Barber: DOI: 10.18536/jge.2017.

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Creative Productivity and Marriage Markets: Mating Effort and Career Striving as Rival Hypotheses

Nigel Barber
Independent Scholar

Creative products may enhance sexual attractiveness of creators. Alternatively, they may enhance career success. These rival perspectives offer competing predictions concerning marriage markets and creativity. When marriage markets favor women, there is less direct mating effort but more career striving to attract brides. Regression analysis of the 49 largest United States metropolitan areas found that in areas having a good supply of single men, creativity increased with metropolitan area size controlled. A second study confirmed this pattern with the proportion of creative professionals as the dependent variable. A third study replicated the pattern worldwide for patents in urbanized mega-regions. A fourth cross-national study of books published replicated the marriage-market effect but found creativity unrelated to masculine desire for casual sex (sociosexuality). A fifth study produced similar results for patent creativity. Results favored career striving over the mating effort hypothesis.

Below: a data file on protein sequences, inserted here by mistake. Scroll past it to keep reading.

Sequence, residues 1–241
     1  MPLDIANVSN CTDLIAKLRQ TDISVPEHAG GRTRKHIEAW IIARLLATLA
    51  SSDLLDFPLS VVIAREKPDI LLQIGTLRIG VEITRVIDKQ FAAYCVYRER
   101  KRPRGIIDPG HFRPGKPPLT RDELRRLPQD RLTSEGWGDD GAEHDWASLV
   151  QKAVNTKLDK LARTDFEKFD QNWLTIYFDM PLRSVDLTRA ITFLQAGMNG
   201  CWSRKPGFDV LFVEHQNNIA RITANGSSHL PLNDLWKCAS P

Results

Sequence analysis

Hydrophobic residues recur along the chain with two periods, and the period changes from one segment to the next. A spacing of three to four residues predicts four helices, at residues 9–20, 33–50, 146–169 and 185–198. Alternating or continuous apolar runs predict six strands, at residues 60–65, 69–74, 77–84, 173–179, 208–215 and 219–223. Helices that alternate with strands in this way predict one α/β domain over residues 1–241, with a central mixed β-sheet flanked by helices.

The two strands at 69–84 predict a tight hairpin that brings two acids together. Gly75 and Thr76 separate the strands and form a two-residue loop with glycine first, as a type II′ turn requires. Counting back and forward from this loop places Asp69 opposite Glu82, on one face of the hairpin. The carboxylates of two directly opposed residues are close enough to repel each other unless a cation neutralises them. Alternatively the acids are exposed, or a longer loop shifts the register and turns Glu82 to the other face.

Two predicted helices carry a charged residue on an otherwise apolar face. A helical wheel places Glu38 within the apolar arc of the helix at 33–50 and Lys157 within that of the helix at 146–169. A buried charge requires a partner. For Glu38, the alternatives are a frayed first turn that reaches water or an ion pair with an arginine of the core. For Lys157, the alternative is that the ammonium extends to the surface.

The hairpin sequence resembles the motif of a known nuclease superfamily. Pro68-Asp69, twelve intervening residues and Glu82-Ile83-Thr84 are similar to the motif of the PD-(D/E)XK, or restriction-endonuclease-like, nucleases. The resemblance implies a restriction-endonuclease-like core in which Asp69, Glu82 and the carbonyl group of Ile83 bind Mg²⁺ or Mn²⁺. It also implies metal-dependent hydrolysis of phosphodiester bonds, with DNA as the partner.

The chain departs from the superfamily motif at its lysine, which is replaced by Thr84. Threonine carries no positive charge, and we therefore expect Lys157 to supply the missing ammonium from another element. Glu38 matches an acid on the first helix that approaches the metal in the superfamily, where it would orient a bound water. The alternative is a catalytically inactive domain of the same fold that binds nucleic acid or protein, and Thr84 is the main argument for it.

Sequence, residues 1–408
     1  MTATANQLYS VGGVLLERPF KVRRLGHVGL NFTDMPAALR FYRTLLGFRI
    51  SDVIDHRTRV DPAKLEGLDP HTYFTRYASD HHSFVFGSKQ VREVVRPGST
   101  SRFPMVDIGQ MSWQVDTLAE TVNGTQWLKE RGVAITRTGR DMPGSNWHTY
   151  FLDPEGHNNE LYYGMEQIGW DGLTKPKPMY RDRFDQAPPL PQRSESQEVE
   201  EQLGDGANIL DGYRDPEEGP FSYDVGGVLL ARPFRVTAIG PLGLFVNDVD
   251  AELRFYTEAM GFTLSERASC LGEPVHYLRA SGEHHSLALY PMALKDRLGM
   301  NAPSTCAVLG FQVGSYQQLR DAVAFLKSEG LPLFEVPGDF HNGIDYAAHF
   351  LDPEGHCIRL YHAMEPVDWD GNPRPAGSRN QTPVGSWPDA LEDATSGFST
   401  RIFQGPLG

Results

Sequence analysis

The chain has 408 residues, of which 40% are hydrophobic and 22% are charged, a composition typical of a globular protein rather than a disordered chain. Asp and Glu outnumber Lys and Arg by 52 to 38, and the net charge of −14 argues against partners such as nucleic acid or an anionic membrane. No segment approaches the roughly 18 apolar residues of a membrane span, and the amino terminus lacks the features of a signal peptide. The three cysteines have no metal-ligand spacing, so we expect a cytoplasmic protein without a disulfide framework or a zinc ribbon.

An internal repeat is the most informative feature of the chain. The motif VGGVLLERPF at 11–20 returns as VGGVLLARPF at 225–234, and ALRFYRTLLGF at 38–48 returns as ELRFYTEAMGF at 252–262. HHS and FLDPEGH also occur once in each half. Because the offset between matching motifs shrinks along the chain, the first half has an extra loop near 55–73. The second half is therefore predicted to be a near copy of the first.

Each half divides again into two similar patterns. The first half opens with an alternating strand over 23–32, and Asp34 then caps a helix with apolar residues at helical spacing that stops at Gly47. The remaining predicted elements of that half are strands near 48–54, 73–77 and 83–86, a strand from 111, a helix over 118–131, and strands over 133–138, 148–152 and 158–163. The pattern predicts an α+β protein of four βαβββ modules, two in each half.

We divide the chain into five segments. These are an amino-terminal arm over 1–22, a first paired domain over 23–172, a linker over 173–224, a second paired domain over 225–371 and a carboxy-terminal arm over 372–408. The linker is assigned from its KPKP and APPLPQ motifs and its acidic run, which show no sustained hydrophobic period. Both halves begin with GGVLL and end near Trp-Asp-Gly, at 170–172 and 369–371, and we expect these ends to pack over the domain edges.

Barber, N. (2017). Creative productivity and marriage markets: Mating effort and career striving as rival hypotheses. Journal of Genius and Eminence, 2(1), 32-44. http://dx.doi.org/10.18536/jge.2017.